opened my eyes to an amazing world of deafness. I found it incredibly uplifting
                                    that through sign language, Misha would have an easily accessible language
                                    through which to communicate. We really wanted Misha to be like a normal kid
                                    and be able to communicate quickly and easily with his parents and siblings.
                                    I also didn’t want to be Misha’s teacher/speech pathologist all the time – I just
                                    wanted to be his mum.
                                    Straightaway we learned a few signs and started using them all the time. It was
                                    as if a light bulb had lit up in his head. Within a week, Misha who had just turned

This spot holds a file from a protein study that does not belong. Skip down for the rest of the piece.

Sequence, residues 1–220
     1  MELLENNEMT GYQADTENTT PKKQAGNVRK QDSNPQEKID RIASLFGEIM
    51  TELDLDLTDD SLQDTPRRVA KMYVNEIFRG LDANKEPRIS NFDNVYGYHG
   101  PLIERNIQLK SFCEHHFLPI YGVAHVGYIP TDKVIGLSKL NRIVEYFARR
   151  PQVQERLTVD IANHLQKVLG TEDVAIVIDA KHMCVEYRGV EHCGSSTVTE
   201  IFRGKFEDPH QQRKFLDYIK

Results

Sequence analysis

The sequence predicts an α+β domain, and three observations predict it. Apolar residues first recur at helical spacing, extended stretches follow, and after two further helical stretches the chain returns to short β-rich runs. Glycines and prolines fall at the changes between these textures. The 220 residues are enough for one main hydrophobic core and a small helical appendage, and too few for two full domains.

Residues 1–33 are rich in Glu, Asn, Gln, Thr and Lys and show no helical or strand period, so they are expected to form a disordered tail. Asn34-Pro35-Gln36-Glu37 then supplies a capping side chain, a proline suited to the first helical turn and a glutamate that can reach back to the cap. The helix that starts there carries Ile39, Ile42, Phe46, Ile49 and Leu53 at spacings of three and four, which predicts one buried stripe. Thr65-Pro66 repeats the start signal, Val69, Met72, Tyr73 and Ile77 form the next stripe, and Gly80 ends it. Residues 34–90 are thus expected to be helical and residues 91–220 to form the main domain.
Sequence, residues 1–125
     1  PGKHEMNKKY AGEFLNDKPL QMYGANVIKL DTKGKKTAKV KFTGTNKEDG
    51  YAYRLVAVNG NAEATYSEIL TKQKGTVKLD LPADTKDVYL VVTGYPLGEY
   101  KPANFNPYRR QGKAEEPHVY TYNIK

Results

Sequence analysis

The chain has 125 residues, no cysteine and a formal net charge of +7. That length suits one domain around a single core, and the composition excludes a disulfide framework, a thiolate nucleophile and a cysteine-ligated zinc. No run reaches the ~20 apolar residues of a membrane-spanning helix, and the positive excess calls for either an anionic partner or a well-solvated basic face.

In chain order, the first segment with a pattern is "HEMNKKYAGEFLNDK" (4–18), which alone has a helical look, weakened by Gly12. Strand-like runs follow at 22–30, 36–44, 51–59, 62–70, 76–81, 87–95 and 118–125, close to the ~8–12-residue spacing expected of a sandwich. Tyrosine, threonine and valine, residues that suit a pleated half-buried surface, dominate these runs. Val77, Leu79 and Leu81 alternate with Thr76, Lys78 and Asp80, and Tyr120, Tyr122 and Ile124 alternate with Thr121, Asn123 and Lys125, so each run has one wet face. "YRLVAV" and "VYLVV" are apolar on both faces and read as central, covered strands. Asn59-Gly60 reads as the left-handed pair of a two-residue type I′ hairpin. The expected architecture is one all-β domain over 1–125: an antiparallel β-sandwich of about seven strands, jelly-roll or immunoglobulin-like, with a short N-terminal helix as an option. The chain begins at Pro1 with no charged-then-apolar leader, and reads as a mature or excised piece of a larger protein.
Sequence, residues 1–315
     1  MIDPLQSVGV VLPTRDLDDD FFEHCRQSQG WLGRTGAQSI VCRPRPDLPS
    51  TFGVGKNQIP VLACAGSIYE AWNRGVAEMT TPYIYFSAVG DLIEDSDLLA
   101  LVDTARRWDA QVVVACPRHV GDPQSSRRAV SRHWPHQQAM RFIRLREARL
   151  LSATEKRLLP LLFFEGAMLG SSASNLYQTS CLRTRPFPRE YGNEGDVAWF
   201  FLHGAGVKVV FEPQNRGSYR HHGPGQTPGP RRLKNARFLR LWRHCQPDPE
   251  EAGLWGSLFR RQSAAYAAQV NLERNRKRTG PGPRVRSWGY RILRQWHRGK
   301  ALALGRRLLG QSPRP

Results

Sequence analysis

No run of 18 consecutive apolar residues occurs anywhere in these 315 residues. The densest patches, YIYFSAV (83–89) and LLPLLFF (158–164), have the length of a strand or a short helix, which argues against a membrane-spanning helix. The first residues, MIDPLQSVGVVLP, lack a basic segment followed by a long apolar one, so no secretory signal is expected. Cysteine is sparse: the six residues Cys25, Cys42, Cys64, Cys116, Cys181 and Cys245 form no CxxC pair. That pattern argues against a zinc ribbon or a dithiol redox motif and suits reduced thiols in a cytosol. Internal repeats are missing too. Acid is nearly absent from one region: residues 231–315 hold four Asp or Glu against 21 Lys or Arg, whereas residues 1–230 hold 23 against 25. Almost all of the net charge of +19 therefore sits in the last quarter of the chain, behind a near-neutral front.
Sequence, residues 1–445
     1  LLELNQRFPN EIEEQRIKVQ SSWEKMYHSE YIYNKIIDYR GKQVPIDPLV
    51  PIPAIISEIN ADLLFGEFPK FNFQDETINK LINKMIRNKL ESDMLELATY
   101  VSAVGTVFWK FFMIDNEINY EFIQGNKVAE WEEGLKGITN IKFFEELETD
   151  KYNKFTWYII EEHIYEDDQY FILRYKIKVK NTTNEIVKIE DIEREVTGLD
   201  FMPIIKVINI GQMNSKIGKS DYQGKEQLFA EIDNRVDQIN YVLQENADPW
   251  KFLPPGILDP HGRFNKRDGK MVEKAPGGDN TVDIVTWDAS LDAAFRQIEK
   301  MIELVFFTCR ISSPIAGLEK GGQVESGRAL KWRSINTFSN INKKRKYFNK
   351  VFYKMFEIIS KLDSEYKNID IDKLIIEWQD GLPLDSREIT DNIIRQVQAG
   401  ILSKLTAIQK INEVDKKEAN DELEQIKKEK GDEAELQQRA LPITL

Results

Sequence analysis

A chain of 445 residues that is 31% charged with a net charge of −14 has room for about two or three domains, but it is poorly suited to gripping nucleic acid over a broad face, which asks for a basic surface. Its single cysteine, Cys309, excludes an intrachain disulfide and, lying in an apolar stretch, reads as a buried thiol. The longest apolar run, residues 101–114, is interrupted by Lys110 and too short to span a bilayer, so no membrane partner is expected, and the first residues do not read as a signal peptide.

one, was signing ‘light’, ‘food’ and ‘drink’, and we enrolled in a TAFE course so
                                    we could continue to be language models for him. As Misha was our first child,
                                    we figured that any of our other subsequent children would pick up signing fairly




This document is managed by the Department of Education and Early Childhood Development, Victoria (as of 27 August 2007)
                                                   easily from seeing us use it all the time. Our family were very supportive and six
                                                   of our immediate family started the course with us, which was lots of fun and
                                                   there was no written homework!
                                                   A year after Misha was diagnosed, we visited the Cochlear Implant Clinic,
                                                   having done a lot of research into the relative success of the CI. When they
                                                   told us they couldn’t guarantee an improvement greater than the equivalent of